his personal history and quickly realizes that he is not who he says he is.

Jessica warns Laurie that something is not right with her boy friend. Laurie has already been concerned with Kevin's jealousy and possessiveness. What neither Lewisohn female knows is that Kevin has a deadly past with girl friends. No one breaks off with Kevin. He is the one who ends relationships, permanently.

MOTHER, MAY I SLEEP WITH DANGER? is a chilling psychological thriller
because the novel emphasizes one of the worst fears a parent has: the feeling of
helplessness as they observe their children dating a potentially dangerous individual. The mother and daughter are a charming and intelligent pair, and Kevin's duality of compassionate and supportive Vs obsessive and possessive behavior is brilliantly developed. Though the suspense is somewhat mitigated by the obvious thread the story line must travel, Claire Rainwater Jacobs has written a nightmare thriller.

Harriet Klausner
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1 of 1 people found the following review helpful By A Customer on May 5, 1999
Format: Hardcover
The plot line of this book is essentially that of many others - girl meets boy who is homicidal maniac and although others warn her (and she's by no means a stupid girl) she almost loses her life by believing the best, not the worst. The characters are sympathetically drawn - I particularly liked the grandmother - and the personality of the killer comes across very well. The plot focuses around the killer having taken the name of someone he admired, resulting in a case of mistaken identity which delays identifying the killer until it is almost too late. While some licence is taken with regard to getting one of the witnesses to come forward, and some sudden confessions appear felicitous, the book is well plotted, suspenseful and the mother is a particularly resourceful woman - an excellent role model for all mothers of teenage girls out there. I enjoyed this book enough to look for others by the same author, but so far haven't found any (my library's catalogue system was off-line today)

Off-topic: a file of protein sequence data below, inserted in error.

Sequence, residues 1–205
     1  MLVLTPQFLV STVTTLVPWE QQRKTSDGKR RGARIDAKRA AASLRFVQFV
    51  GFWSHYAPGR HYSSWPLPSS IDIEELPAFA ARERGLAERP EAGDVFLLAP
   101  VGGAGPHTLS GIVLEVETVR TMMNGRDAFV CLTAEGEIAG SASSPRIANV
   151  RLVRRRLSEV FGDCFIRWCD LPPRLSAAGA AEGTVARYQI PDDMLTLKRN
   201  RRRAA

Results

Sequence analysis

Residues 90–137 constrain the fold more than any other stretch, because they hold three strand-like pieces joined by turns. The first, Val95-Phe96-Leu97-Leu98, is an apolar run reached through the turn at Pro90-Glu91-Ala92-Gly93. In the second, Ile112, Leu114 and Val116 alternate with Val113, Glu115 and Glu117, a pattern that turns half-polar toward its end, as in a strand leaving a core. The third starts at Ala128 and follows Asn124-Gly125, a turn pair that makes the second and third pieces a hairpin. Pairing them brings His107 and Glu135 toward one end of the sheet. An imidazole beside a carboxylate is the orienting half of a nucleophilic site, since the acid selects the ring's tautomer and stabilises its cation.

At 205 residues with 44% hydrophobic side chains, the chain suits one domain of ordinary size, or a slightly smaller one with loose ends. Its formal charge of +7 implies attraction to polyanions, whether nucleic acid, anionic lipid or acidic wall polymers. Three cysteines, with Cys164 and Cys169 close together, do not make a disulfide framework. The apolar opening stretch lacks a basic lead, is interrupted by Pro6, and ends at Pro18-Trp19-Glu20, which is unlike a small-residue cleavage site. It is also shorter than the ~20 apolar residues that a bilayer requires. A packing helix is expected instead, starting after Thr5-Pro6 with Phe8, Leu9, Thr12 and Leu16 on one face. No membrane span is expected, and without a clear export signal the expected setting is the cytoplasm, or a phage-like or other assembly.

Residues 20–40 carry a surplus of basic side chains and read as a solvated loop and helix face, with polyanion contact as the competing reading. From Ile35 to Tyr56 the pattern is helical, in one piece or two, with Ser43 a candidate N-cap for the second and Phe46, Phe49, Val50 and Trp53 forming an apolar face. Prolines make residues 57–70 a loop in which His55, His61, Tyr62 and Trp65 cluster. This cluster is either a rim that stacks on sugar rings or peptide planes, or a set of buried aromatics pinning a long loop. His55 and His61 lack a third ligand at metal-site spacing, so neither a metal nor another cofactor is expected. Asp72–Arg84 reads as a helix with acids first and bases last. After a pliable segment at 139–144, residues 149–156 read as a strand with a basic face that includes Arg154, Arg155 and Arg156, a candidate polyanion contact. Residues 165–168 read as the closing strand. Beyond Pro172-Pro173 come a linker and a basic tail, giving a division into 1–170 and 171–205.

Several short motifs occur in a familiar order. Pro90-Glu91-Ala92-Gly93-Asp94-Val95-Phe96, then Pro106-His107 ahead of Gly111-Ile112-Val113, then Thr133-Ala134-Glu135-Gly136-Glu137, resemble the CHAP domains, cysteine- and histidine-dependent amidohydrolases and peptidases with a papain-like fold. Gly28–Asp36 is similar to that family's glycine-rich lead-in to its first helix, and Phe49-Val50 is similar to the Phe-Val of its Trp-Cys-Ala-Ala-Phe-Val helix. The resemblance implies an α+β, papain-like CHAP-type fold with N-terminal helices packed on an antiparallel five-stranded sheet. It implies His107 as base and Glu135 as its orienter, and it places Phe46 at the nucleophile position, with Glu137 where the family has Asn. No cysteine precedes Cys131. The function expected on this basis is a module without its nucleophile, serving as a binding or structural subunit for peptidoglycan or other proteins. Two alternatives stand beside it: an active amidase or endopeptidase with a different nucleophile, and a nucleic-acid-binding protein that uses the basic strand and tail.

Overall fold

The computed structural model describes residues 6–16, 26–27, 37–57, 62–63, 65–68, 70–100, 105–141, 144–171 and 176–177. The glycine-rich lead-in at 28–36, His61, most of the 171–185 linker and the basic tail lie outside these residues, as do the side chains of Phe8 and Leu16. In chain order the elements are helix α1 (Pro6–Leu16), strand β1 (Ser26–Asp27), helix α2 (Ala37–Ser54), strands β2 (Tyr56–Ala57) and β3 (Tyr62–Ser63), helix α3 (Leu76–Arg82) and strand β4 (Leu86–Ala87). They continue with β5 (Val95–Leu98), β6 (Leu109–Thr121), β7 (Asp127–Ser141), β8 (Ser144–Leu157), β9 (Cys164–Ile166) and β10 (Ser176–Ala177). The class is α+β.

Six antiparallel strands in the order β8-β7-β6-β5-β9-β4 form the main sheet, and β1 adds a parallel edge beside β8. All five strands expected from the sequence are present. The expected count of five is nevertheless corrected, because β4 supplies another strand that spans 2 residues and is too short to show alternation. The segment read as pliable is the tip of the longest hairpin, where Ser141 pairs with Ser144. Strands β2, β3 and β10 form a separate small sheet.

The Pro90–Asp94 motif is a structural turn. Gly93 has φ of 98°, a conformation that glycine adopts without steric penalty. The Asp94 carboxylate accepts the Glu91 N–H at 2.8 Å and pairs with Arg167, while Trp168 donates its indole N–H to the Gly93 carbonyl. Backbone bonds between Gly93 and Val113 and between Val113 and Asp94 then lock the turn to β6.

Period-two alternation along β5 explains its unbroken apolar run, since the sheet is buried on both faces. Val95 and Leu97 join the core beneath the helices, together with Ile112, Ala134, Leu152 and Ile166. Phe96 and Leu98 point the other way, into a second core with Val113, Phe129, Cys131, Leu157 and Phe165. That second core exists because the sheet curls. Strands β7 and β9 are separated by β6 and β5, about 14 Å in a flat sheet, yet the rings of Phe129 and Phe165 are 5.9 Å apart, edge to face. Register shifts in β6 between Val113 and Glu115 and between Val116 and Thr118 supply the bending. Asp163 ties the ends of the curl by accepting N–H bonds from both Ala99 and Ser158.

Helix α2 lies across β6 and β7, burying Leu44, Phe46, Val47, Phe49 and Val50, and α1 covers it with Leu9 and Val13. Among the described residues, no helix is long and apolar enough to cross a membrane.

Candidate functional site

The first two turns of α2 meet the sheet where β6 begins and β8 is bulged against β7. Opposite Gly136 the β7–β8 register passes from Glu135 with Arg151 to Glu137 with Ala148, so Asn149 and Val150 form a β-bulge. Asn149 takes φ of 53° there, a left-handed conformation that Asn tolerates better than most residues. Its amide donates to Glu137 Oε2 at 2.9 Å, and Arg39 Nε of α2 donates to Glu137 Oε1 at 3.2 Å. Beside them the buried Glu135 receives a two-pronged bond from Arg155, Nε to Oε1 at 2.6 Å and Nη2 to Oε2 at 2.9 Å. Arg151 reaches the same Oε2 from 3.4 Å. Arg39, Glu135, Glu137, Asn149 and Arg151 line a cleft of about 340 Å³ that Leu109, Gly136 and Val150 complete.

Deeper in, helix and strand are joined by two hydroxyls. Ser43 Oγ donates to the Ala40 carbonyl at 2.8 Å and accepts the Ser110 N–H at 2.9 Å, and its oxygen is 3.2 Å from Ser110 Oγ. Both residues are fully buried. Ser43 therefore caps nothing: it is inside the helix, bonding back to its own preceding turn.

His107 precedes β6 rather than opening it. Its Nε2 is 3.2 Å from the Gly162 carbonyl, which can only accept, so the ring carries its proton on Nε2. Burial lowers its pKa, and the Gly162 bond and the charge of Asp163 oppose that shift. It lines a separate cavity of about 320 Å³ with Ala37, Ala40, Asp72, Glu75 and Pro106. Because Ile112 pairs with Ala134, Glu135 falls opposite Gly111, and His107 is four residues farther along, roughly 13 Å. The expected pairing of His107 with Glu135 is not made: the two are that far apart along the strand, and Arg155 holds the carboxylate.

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By K. E. A. on December 27, 2001
Format: Hardcover
The only question you ask yourself after reading "Mother, Can I Sleep With Danger?" is this: Why did Jacobs write it? Let's face it; there must be literally hundreds of American TV movies on the exact same theme, and although Jacobs' portrait of an emotionally disturbed young man is better than those found in the TV scripts, that says a lot more about the 'quality' of the movies than it does about Jacobs' skills as a writer. Her latest book is simply one, big cliché and utterly predictable all the way from page one to the end. My suggestion: read Thomas Harris' "Hannibal" instead. It might be less realistic (mr Lecter has more in common with Anti-Christ himself than he has with your average serial killer), but at least Harris' book is much more more interesting and entertaining than "Mother, Can I Sleep With Danger?"...